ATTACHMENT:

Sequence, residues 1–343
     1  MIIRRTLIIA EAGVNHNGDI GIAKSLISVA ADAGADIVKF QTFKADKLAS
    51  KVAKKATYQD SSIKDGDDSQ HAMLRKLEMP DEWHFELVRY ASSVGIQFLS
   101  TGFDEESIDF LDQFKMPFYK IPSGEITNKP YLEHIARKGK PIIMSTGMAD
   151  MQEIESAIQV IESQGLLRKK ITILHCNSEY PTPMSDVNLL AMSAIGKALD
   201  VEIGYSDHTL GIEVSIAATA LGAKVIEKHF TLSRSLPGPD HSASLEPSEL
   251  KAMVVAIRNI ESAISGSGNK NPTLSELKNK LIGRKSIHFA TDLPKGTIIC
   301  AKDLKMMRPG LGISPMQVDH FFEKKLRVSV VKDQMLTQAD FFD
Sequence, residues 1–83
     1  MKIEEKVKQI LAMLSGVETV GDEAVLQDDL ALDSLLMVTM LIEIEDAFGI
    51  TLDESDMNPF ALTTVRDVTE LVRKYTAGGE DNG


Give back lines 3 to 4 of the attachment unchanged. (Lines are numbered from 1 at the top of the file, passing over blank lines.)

    51  KVAKKATYQD SSIKDGDDSQ HAMLRKLEMP DEWHFELVRY ASSVGIQFLS
   101  TGFDEESIDF LDQFKMPFYK IPSGEITNKP YLEHIARKGK PIIMSTGMAD